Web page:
The surface of the moon is a very hostile place for humans. Therefore special suits had to be developed, which make a short stay at the moon possible. US3463150A (1,78 MB) describes a life-support system for a moon suit. Such suits also had to guarantee a certain mobility so that the astronauts could work on the moon. US3534406A shows flexible movable joints for a lunar suit. Also US3751727A (1,4 MB) sketches a lunar space suit.
Victory in the "space race
With the first moon landing, the USA won the "space race", the race against the Soviet Union for the first man on the moon. In 1957 the Russians had shocked the Americans with "Sputnik", the first satellite, in 1959 with the lunar impact of "Lunik-2" and in 1961 with the first man in space, Juri Gagarin. As a result, the USA multiplied its efforts, employed at times more than 400,000 people in the Apollo program and finally won the prestigious race to the moon. Possibly the Soviets would not have lost their lead if the "mastermind" of their space program, the ingenious designer Sergej Koroljow, had not died unexpectedly in 1966.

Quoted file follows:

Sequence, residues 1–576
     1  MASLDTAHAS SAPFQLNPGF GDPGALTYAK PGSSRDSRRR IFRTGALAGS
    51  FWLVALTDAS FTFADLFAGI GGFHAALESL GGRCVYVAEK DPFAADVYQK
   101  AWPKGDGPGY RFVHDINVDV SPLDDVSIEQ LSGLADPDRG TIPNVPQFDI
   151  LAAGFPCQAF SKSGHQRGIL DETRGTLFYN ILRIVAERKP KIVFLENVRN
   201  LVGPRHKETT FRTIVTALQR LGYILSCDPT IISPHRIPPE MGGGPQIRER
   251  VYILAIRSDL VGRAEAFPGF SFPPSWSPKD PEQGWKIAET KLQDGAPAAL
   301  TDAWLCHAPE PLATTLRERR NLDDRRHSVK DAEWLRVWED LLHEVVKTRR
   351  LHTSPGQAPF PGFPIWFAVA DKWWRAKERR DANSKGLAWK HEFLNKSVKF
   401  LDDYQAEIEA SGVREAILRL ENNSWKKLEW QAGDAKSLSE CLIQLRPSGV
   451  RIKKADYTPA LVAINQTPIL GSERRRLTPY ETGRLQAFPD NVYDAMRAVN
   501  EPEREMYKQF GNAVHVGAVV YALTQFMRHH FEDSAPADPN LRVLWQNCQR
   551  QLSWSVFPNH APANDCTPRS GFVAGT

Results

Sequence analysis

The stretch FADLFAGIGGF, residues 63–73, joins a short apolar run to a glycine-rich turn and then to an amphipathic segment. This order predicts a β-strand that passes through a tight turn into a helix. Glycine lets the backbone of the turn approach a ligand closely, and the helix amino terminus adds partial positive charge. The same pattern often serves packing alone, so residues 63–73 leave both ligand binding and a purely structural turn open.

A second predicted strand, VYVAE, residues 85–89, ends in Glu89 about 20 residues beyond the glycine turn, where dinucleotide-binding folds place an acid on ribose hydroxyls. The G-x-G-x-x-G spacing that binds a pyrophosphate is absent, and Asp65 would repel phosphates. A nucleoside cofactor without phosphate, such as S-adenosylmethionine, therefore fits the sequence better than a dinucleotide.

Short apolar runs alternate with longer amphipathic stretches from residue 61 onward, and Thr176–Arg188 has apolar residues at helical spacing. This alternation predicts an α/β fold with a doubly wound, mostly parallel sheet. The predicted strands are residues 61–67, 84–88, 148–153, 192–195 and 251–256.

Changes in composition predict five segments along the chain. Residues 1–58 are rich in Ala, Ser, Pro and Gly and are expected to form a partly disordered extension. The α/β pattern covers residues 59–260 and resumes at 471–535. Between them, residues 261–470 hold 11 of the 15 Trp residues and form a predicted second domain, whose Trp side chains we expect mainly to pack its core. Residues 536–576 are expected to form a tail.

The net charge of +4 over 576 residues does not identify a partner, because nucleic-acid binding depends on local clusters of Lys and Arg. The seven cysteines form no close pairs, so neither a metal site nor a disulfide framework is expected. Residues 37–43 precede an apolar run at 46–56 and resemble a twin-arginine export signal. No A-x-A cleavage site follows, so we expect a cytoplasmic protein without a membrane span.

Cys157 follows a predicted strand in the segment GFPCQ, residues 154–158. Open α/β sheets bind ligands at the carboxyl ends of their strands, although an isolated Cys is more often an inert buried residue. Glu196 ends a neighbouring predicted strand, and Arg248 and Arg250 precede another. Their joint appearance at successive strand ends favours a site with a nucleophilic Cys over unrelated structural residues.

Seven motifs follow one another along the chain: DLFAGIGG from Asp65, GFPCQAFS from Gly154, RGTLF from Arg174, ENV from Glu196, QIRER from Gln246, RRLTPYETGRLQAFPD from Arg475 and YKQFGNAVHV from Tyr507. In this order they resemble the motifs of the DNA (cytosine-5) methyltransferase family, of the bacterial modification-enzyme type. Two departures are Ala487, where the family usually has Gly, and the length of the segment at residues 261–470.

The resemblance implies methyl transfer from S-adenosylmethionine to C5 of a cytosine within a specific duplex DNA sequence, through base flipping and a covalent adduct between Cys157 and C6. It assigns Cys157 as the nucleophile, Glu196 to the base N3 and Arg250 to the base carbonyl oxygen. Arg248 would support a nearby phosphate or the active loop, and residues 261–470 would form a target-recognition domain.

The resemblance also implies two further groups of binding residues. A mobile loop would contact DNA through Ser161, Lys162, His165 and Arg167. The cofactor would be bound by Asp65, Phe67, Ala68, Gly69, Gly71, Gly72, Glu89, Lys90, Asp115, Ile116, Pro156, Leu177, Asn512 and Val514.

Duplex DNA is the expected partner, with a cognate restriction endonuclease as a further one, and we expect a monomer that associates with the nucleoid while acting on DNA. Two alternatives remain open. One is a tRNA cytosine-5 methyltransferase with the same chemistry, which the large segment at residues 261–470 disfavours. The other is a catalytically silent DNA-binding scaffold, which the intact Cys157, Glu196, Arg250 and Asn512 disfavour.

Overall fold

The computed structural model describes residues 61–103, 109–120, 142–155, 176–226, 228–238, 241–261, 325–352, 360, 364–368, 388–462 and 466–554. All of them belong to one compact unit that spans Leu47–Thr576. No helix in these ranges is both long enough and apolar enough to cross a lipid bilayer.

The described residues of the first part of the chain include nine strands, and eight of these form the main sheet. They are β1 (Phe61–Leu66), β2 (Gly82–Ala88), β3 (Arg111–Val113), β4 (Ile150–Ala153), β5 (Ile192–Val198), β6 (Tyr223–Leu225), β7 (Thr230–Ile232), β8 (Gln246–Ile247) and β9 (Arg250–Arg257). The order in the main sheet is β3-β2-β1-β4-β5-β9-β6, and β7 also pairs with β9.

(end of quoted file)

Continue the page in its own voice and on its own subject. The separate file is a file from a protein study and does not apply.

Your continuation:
After the Apollo astronauts had left the lunar surface again, they were brought back to earth with the space capsule. Another critical manoeuvre took place: the immersion of the space capsule into the Earth's atmosphere. Since the space capsule still had a high velocity, it was heated up to very high temperatures by air friction. Therefore the space capsule had to be equipped with a heat shield. US3130940A shows a corresponding heat shield, which enables a safe immersion of the space capsule into the earth's atmosphere (provided that the immersion angle and further factors are considered).
Finally, the Apollo space capsules landed in the sea as part of a controlled descent. US3484826A describes a soft landing system for a spacecraft.
After the sensational first moon landing and five further missions, which brought a total of ten (male) astronauts to Earth's satellite, NASA ended its Apollo programme in 1972 in favour of other projects such as Skylab and the Space Shuttle missions. At that time, nobody would have expected that there would be no more moon landings for more than half a century.
Meanwhile, NASA has announced that it will return to the moon in 2024. And then finally a woman should be there.
Pictures: NASA (public domain), DEPATISnet, NASA (public domain), DEPATISnet, NASA (public domain)
Last updated: 4 February 2020